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Coats, shirts, salt and beer populate our list of purchases this month.
I typically steer clear of Black Friday and other blowout-sale occasions, mostly because I have zero self-control when it comes to electric takoyaki pans, glittering party banners that spell out eloquent phrases like “Drinking with My Bitches” and similar objects I may or may not have, at some point in my life, convinced myself I needed because they were 40 percent off the original retail price. But after discovering what may have been the Coat of My Dreams last year—a black double-breasted Kurt Lyle number adorned with splashes of primary colours that gave it an artful, Matisse-collage vibe—and missing out on my size online, I have been cyber-stalking the Brooklyn-based designer for a restock or a similar style to surface. Lyle’s Veronica coat—with its boxy cut and delightful mélange of navy, tangerine and rouge hues—delivers, and I happily scooped it up on Garmentory post–American Thanksgiving. It’s true you never forget the one that got away, but the future is looking bright (and just the right amount of obnoxious) with this piece in my closet.—Lucy Lau, style editor
When you typically ask someone “What should I bring you back from Japan?” the answer is “green tea Kit Kats” but my best friend surprised me with her request: “Salt, please.”
She’d recently been watching Netflix’s Salt, Fat, Acid, Heat and an episode starring moshio salt, a beige-coloured Japanese seasoning produced by boiling seaweed, had piqued her interest. And so, I now had a quest for my two-week trip, one that could be extra challenging given that I don’t, technically speaking, know any Japanese. Luckily, with the power of modern translation apps, I was able to determine quickly and easily as I popped into market stalls and grocery stores that no, moshio salt was not available in any of the seven towns I visited, but would I like to try some dried squid instead?
But back in Tokyo on the last day of our trip and with just hours to go before our flight, I managed to track down a salt specialty shop in a luxury mall near Tokyo’s SkyTree. Not only did they have moshio salt, they had multiple kinds of moshio salt. I decided to get the most expensive one, because my sweet, culinarily curious friend deserves nothing but the best. (Also it was still only ¥400… about $4). I bought a bag for myself, too (I also deserve nothing but the best, thanks) and this morning, I sprinkled a pinch onto a simple hard-boiled egg to finally taste what all the fuss was about. And I’ve gotta say, it was revelatory: a surprising depth of flavor and richness is baked into those strange off-colour grains. Welcome to Umami City, population me.
Now I realize that it’s available to purchase online and easily ships to Canada, but it’s much pricier ($33.50!)…cheaper than a plane ticket, of course, but if you ever need an excuse to head to Tokyo, this is a pretty delicious one.—Stacey McLachlan, executive editor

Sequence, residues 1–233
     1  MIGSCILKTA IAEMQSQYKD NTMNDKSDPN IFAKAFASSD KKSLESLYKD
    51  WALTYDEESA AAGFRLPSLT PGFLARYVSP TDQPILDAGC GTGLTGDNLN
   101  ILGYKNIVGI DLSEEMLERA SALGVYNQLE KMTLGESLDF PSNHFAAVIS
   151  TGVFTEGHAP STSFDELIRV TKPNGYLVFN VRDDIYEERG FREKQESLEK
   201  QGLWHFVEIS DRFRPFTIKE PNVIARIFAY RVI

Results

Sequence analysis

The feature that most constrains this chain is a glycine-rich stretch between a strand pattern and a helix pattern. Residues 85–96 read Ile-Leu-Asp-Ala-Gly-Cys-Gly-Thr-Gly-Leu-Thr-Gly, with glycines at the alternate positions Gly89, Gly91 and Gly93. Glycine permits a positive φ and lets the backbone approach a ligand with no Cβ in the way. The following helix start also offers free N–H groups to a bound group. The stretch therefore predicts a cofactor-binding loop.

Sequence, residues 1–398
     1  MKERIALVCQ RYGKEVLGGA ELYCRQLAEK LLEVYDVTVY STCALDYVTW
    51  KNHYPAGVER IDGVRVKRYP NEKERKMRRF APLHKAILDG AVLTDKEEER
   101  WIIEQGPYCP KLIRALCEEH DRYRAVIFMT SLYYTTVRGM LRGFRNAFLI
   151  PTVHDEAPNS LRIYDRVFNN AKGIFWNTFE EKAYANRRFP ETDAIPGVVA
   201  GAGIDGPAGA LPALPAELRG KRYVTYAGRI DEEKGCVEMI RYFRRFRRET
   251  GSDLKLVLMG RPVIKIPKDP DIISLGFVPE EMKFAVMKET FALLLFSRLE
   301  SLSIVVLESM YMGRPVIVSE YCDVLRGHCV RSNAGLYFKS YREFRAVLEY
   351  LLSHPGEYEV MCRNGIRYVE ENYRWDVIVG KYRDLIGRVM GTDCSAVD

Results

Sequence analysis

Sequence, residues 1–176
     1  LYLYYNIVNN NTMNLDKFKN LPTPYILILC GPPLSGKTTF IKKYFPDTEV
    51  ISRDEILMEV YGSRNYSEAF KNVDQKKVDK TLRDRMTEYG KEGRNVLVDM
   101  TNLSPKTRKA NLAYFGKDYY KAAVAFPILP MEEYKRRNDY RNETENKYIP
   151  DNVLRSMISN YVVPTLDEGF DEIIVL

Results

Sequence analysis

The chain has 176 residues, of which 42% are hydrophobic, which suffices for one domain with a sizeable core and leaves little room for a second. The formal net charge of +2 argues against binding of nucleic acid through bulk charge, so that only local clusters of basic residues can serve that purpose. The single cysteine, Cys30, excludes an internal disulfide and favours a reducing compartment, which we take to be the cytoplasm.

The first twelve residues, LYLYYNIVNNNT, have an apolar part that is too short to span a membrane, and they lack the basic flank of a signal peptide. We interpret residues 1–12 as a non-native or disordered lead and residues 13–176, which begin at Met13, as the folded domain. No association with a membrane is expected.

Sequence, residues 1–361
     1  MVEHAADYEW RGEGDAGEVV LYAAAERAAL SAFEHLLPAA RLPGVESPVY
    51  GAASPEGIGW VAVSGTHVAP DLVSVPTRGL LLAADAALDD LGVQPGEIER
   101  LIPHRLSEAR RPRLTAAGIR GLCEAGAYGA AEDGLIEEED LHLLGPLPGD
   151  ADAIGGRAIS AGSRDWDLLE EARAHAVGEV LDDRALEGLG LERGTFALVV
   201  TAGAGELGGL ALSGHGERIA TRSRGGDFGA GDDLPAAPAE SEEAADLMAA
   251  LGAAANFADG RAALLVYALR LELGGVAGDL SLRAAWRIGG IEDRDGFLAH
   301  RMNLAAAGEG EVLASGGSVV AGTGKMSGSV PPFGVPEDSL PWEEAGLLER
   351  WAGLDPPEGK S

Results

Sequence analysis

I hit Cyber Monday pretty hard this year. I bought two pairs of Duer jeans—that, no kidding arrived in the mail in two days. On the same day, I bought something from the Bay, who just emailed me saying they were hoping to get it to me by December 4. Seriously, someone needs to take the HBC behind the woodshed and put it out of its misery. But the thing I got that I’m the most jacked about is this shirt from Lululemon. I don’t have a lot of Lululemon stuff, mostly because I’ve always thought of it as too pricey, but tell me what’s crazier—spending $78 on shirt that I’ll wear at least once a week or $2,000 on a cashmere blazer that I’ll wear a maximum four times a year. And let’s add another variable: if I don’t buy this shirt, I use a $45 Nike Dry Fit top for working out that seems engineered to trap sweat odour, whereas my new Lululemon version is made with something called Silverscent technology which claims to mitigate that. (Is it real silver? The shirt is called Metal Vent Tech—is there metal in it?). And I look just like this dude when I wear it.—Neal McLennan, travel editor
The title sounds a lot more exploratory, but hey, this box of beer will at least lightly test my adventurous side (I know, I’m stretching it). In any case (get it), unlike some of the holiday purchases I end up making each year, this one always comes through. The folks at Vancouver’s Parallel 49 Brewing and Surrey’s Central City are masters of the advent calendar, as each bring 12 seasonal brews to count down to Christmas. All 24 beers are new concoctions and while some won’t be for everyone (imperial stouts remain a hard sell to many of the beer drinkers in my life), there are more than a few that we can all agree on. I’ve already made the purchase (and don’t regret it), but here’s a hint: stores tend to put them on sale about a week into December.—Nathan Caddell, associate editor
I spent the November long weekend with my sister and her family in Calgary, and quickly discovered that my Vancouver outerwear wasn’t going to cut it. (Or rather, my sister looked at my light wool coat and said, “Seriously? That’s what you brought?”). Fortunately, the greatest consignment store in all the land happens to be in Calgary: Vespucci, which has 8,000 square feet of designer clothes, well organized and in gorgeous shape. My sister nabbed a never-worn pair of Frye winter boots for a mere $100, and I picked up this oh-so-puffy Asymmetric Puffer coat from Theory for the same. And I will never be shamed in Calgary again.—Anicka Quin, editorial director
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